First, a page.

Tar Heels Continue to Pressure School to Divest
If you're like me, you're looking for some positive news as the government shutdown and stalemate continues to affect millions of Americans. Let me help - check out the inspiring students of the University of North Carolina Beyond Coal team.
Recently, after two years of pressure, the UNC Board of Trustees' Finance and Infrastructure Committee agreed to meet with these hard-working students to discuss moving the school's $2.1 billion endowment out of the coal industry and into clean energy (that's them at the meeting above).
By the time October 25th arrived, the buzz around this meeting had reached a peak online, in the media and on campus. That day's edition of the on campus newspaper, The Daily Tar Heel, featured UNC Beyond Coal in three separate places.
And at a large rally before the meeting organized by UNC Beyond Coal and other student organizations, thanks to live tweeting and facebook posts all morning by UNC Beyond Coal members, the Mayor of Carrboro (which borders Chapel Hill) showed up and spoke about the importance of coal divestment.
During the Finance and Infrastructure committee meeting, the board members said they were open to further discussions about divestment. "We can be committed with the University to not table this and continue the discussion," said Steve Lerner, chair of the Finance and Infrastructure committee.
That's a big move for the board, which had for two years refused to meet with students about this issue. Some members of the Board have seen and heard from UNC Beyond Coal Students have held rallies and meetings calling for the campus to move beyond coal and divest, and a remarkable 77 percent of the student body voted in favor of coal divestment at the end of last year.
"This meeting marks a pivotal moment for our campaign and for the University," said Jasmine Ruddy, grassroots coordinator of the Sierra Student Coalition's UNC Beyond Coal campaign. "The Board is finally considering student voices and laying the groundwork for the University to become a leader in smart investments that create a clean, safe future for me and my fellow graduates."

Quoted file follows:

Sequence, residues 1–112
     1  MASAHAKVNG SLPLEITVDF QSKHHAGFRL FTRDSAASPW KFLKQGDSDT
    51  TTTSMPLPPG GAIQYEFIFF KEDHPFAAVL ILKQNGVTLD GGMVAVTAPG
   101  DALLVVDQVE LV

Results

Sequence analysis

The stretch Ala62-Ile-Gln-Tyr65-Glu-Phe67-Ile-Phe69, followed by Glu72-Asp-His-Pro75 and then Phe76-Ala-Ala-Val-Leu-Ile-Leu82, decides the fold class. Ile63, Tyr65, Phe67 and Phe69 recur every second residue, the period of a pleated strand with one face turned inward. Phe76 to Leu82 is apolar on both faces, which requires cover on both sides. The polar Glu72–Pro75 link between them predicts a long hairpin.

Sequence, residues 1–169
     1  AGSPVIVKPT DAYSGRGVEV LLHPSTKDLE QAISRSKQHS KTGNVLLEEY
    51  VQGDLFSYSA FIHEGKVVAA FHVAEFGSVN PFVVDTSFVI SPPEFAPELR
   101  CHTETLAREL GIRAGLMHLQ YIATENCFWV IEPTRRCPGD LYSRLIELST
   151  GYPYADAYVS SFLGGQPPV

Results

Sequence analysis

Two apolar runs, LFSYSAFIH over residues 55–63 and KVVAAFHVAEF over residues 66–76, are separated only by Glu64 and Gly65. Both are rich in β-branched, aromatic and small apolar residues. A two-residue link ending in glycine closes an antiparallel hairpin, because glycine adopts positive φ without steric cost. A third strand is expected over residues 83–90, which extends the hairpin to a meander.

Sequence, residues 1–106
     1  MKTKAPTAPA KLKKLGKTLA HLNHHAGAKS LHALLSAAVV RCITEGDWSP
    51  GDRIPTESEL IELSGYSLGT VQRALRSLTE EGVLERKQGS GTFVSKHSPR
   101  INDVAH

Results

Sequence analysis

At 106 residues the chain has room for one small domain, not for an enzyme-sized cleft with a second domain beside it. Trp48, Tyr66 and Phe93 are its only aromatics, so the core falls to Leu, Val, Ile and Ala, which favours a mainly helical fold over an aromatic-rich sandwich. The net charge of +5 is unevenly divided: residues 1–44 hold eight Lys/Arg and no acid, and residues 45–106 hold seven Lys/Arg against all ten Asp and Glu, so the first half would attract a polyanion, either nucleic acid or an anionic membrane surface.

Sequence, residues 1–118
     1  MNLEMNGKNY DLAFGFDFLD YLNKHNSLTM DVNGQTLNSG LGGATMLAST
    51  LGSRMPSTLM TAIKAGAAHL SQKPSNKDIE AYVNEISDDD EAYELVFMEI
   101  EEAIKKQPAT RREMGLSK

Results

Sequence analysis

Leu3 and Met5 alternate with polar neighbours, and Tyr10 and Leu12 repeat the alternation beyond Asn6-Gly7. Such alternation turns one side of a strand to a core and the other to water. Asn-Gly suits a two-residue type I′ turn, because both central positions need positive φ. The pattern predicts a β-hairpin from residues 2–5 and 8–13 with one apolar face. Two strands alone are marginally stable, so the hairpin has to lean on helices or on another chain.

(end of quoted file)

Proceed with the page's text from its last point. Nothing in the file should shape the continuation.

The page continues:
The continued tenacity and strategic organizing of UNC Beyond Coal is an inspiration - UNC-Chapel Hill was one of the first colleges to launch the divestment movement in 2011 after student-led organizing secured a retirement date for the on campus coal boiler. Now there are more than 300 campuses calling for divestment nationwide, and students aren't waiting around to be led:
"This movement is happening whether UNC wants it or not," said UNC student Jasmine Ruddy. "The question is not 'if,' but 'when' do we want to be a leader."
Young people like those at UNC are at the forefront of ensuring campuses and communities are sustainable, reducing our carbon footprint, and divesting from fossil fuels. On October 18 - 21, thousands of young people from all across the country, will join together at the annual Power Shift conference to call on campuses, communities, elected officials and corporations to take action on climate. Click here for more information on Power Shift.
With student support, the Administration at UNC Chapel Hill has made tremendous strides on the issue of coal on campus, and I look forward to UNC leading yet again for schools in the south and state institutions nationwide by divesting from coal.
-- Mary Anne Hitt, Beyond Coal Campaign Director